Washed Out is one of those groups have a clear intention, a definite purpose and specific emotion they want to convey in their music, and rarely stray from those ideals. In Washed Out's case, they're aiming for laid-back, summery synth music, and they execute it oh so well on their sophomore album, Paracosm. The sole member of the group, Ernest Greene, has managed to create an excellent follow-up to well-received debut record Within and Without. Paracosm, while only lasting a brief nine tracks, includes a variety of lush soundscapes and irresistible grooves, and by the end of the album you'll be wishing for those warm summer nights that Greene so eagerly tries to recreate in Washed Out's music. Despite having released just two albums, Washed Out's status as frontrunners of the so-called "chillwave" genre is undeniable after hearing this well-crafted piece of lo-fi dream pop.
The album opens with the calming instrumental piece "Entrance," which sounds like something that might soundtrack a peaceful resolution in a movie or video game, and sets the tone for the rest of the CD. I'm not usually a fan of minute-long instrumentals, but this one serves its purpose effectively and interestingly. The track doesn't really conclude and instead transitions via a flurry of harps into the next track, the beautifully composed "It All Feels Right." Opening with a beat that subtly draws from African music, the song soon turns into a wash (pun intended) of synthesized keyboards and orchestral strings. The verses are relatively straightforward, with Greene's clear and sincere vocals taking center stage before the chorus, including a slowed-down tempo and distorted vocals, comes along and steals the show. In the traditional chillwave fashion, the track jumps right back into the verses seamlessly. "It All Feels Right" could easily be considered as the strongest song on the album, and it's easy to see why.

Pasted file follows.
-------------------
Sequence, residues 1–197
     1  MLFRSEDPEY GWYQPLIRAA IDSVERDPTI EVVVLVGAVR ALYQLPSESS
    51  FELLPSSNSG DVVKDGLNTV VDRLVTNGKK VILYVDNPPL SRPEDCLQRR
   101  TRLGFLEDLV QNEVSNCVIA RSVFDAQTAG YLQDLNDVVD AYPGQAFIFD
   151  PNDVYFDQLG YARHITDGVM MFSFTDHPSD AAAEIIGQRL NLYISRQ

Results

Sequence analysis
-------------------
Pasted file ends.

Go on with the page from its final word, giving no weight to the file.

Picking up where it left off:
One of the things that makes Paracosm such an enjoyable listen is the way it finds a certain groove and stays with it throughout. The flow of the album is astounding, as track after track slowly morphs into the next. Rather than fading out or simply ending each song before starting a new one, Greene has clearly put much effort into making Paracosm feel like a true album, rather than simply a collection of songs. It's one of those records you need to listen to all the way through before you fully experience it, before you can really understand it and enjoy it in the way the artist intended.
This last statement aside, Paracosm still contains songs that sound great as stand-alone singles, and can be thoroughly enjoyed on their own accord without relying on the rest of the CD. "Weightless" stays true to its title as the music floats among clouds of echoing snare hits and swirling keyboards. "All I Know" is another standout track, and had it been released in 1983 you can imagine it fitting perfectly in a John Hughes film. In fact, the entire record has a certain '80's vibe to it. It's able to achieve reach heights that made so much music from the decade so endearing and memorable without sounding cheesy or entering the gimmicky territory that other era-revival acts so often do.
Both "Falling Back" and the title track exemplify everything that makes chillwave enjoyable; warm synthesizers powering a forceful rhythm, combined with calm vocals to make just plain happy-sounding music, something indie culture sometimes lacks.
All in all, this album achieves what it set out to do, which is what Washed Out did with their first output; to create the perfect summer album. This August release will have you wishing it was the beginning of June, and serves well as a wrap-up to the season as August inevitably turns into September. Yet this doesn't limit Paracosm's capabilities, either. The album will sound great if you listen to it in mid-January, and will have you longing for summer to come. It just will have you missing the warm late nights of July rather than enhancing them. As always, make sure to listen to a few of the album's best songs below to catch a glimpse at what it all means, for while I can do my best to put it into words, nothing speaks for music like music itself.
Key tracks: "Entrance," "It All Feels Right," "All I Know," "Falling Back"
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